Background: Coronavirus disease 2019 (COVID19) disproportionately struck minority populations.It is important to find out the determinants of such differences in outcomes. Methods:We collected data on 403 hospitalized COVID19 patients at Howard University Hospital.Statistical analysis of symptoms, comorbidities, and lethality was performed using SPSS.Results: There were 257 (63.7%) African Americans (AAs), 102 (25.3%) Hispanics, and 26(6.45%) Whites. The mean age was 55.6 years old (+/-18.5). However, the Hispanic's meanage was the lowest (43.66 years vs. 61.23 for Whites vs. 60 for AAs). 64 (15.8%) patientsdied. Age and race were risk factors for poor outcomes. Elevated Creatinine, Ferritin, CRPand D-dimers were associated with death (35.75% vs. 2.61%), (24.72% vs. 9.9%), (22.7%vs. 7.8%), and (21% vs. 0%), respectively. Hydroxychloroquine treatment did not associatewith a better prognosis (25.92% vs. 14.23%). Abdominal pain, anorexia, diarrhea, nausea,and vomiting did not have any effect on the outcome. Elevated liver enzymes associatedwith poor outcome. There was more mortality in patients with cardiac diseases (25.67%vs. 14.33). Immunocompromised patients had a higher mortality rate (40% vs. 15.31%).Cough and fever were the top symptoms in our patients, but they were unrelated to theoutcome. As for treatment, patients receiving glucocorticoid displayed higher mortality(39.1% vs. 11.8%). Also, patients with shortness of breath (21.6 vs. 7.3%), those undergoingIntubation (66.6% vs. 14.5%), and mechanical ventilation (70.1% vs. 5.1%) had a highmortality rate. Conclusion: Overall, elevated liver enzymes, ferritin, CRP, and D-dimers arerobust markers of poor prognosis. The African Americans in our study displayed the highestmortality as they consisted of an older population when compared to the Hispanic group.GI symptoms did not correlate with outcome, however, they are likely important to followas the virus persists within the GI system, even after clearing from the respiratory system.

6.
Gastroenterology ; 160(6):S-217-S-218, 2021.
Article in English | EMBASE | ID: covidwho-1591369

ABSTRACT

Background: It Is Well Known That Minorities Have Lower Access To Healthcare And At The Same Time Are Widely Affected By Many Comorbidities. This Predisposes Them To Worse Outcomes Compared To Others In The Current Pandemic. We Aimed To Study The Gastrointestinal (Gi) Symptoms, Comorbidities, And Clinical That Associate Covid-19 Outcomes In These Populations. Methods: We Analyzed Prospective And Retrospective Data From Sars-Cov-2 Positive Hospitalized Patients (N=5,932) From 9 Hospitals Including New York (3 Hospitals), Indiana, Rhode Island, District Of Columbia, Georgia, Michigan, And Maryland Between March And September 2020. Demographics, Comorbidities, Clinical Symptoms, And Median Laboratory Values Were Collected. The Primary Outcome Was The Rate Of In-Hospital Death. Secondary Outcomes Included Frequency And Duration Of Invasive Mechanical Ventilation, Frequency Of Treatment, And Liver Function Following Admission. Statistical Analysis Of Symptoms, Comorbidities, And Lethality Was Performed By Using Spss. Results: There Were 3713 With (62.7%) African Americans (Aa), 294 (5%) Hispanics, 1,418 (23.9%) Whites, 94 (1.5%) Asian, And 187 (3.2%) Others, 64 (1.1%) Decline, 150 (2.5%) Unknown. From 5,631 Known Ethnicity, The Average Age For Alive And Dead Was, 58 And 68 For Aa, 58 And 77 For Whites, 44 And 61 For Hispanic, And 51 And 63 Years For Asians. Males Were 47%, 41%, 47%, And 43% Among Aas, Hispanics, Whites, And Asians, Respectively. Lethality Rates Were 14.3%, 6.4%, 15.6%, Among Aas, Hispanics, And Whites, Respectively. In Chi-Squared Analysis, An Association With Lethality Was Found For Elevated Bun 14 (21.10%), Creatinine 14 (21.10%), Ferritin, Crp 304 (16.20%), D-Dimers 267 (18.00%), Ast 264 (21.10%), Prc, Troponin, Low Hemoglobin, Coronary Artery Disease, Cancer, Cardiac Disease, Hypertension (18.8%), Copd, Diabetes 281(17.20%), Diarrhea14 (21.10%), Fatigue 14 (21.10%). Use Of Glucocorticoid, Intubation, Mechanical Ventilation, Respiratory Failure, Shortness Of Breath Correlated With Death In A Significant Manner. Male Gender 311 (18.00%) And White And African Races Have A Higher Rate Of Death. These Symptoms And Commodities Were Seen Across The Board In All Races, However, Diarrhea Was Among The Most Common Gi Symptom In African Americans 50 (21.90%). Conclusion: Our Study Is Among The Largest Minority Covid-19 With Gi Manifestation That Shows Diarrhea And Elevated Liver Enzyme Ast Is Associated With Death. High Lethality Rate In African Americans In Comparison With Hispanics Is Likely Related To High Frequencies Of Comorbidities Such As Cardiovascular (Hypertension), And Diabetes. Prospective Investigations Will Likely Help A Better Characterization Of Minority Covid-19 Patients And A Better Understanding Of Factors Underlying The Observed Disparities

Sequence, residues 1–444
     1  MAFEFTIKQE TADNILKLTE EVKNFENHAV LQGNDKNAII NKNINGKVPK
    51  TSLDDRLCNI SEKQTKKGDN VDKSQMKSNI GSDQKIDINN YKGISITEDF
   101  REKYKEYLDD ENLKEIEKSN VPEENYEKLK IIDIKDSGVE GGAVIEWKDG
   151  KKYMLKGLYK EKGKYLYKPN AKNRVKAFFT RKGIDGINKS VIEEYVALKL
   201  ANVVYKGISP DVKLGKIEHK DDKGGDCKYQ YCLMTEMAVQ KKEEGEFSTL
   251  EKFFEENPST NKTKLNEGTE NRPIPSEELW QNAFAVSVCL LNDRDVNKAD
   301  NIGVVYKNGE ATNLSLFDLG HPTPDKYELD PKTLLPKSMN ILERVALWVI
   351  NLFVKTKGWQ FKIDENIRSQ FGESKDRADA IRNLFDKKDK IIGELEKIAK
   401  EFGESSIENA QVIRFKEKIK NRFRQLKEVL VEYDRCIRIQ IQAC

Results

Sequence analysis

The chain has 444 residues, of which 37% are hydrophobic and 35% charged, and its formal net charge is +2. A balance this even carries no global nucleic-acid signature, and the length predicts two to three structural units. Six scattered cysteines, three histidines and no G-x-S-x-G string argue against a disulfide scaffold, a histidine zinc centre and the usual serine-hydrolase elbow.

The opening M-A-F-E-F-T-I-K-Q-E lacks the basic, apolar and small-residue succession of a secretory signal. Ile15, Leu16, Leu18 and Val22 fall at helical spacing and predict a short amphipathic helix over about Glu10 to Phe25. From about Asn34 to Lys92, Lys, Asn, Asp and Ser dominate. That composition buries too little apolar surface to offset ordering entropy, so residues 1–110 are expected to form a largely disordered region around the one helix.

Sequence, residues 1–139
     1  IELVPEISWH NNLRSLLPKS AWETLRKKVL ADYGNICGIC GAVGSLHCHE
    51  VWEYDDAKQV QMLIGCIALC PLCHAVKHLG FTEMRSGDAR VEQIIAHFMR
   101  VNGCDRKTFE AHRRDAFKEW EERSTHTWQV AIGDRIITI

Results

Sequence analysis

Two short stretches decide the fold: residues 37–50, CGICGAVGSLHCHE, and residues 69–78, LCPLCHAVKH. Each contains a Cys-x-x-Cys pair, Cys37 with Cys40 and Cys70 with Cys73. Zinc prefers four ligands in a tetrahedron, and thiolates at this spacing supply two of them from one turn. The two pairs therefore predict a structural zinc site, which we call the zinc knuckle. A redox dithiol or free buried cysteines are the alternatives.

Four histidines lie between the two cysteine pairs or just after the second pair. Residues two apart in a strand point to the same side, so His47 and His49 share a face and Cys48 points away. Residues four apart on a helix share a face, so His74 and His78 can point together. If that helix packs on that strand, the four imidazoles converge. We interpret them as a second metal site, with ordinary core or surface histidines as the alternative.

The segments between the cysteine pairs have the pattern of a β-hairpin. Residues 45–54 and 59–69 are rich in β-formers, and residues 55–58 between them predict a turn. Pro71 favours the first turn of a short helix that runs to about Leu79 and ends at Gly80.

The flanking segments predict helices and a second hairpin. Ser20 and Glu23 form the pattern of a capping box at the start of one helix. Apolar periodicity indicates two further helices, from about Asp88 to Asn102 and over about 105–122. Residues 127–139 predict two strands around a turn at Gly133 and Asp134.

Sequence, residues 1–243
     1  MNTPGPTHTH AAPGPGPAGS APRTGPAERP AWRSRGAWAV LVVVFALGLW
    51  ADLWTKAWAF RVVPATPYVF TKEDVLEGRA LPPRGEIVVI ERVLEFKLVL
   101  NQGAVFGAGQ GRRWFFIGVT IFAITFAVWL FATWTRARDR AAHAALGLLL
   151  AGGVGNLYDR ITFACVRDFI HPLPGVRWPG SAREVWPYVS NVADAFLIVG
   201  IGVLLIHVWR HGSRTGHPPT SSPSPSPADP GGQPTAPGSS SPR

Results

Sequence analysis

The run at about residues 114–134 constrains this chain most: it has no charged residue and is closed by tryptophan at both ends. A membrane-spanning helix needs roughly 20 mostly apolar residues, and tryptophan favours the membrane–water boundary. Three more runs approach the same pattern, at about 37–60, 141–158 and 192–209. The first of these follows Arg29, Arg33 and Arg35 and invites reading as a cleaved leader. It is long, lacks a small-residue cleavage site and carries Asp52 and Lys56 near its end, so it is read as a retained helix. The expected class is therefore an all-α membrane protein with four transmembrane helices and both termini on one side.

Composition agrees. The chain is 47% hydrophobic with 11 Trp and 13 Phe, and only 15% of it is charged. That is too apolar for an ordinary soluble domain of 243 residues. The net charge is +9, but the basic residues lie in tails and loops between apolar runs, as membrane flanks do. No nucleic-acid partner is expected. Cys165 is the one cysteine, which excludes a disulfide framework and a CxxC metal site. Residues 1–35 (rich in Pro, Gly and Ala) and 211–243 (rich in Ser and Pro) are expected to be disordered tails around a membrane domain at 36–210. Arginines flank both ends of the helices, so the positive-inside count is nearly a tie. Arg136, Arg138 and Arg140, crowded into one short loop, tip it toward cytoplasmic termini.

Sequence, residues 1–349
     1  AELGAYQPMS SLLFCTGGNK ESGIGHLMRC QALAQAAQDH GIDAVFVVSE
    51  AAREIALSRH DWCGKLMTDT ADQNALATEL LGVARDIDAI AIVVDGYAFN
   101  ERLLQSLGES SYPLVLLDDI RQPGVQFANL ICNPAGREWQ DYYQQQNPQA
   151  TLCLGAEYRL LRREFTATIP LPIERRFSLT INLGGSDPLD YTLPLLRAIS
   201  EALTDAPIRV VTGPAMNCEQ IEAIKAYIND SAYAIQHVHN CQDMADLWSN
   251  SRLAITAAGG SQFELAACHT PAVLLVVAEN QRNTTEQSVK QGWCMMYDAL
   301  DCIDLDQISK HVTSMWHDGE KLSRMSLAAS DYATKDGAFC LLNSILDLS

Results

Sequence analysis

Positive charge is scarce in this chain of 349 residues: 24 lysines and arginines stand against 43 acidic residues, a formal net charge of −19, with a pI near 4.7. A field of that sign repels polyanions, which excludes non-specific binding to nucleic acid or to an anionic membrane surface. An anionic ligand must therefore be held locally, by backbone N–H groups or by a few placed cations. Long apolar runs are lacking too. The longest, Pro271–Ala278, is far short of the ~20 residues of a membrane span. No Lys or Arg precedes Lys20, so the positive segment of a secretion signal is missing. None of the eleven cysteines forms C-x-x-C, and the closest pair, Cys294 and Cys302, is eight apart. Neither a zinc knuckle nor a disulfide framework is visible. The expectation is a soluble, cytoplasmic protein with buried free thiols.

9.
PubMed; 2021.
Preprint in English | PubMed | ID: ppcovidwho-6258

ABSTRACT

Background : Latin America has now become the epicenter of the global coronavirus disease 2019 (COVID-19) pandemic. In the ongoing COVID -19 pandemic, a profound burden of SARS-COV-2 infection has been reported in Latin America. In the present study, we aim to determine the profiles that are associated with this disease in Latin America. We analyzed symptoms, morbidities and gastrointestinal (GI) manifestations by country.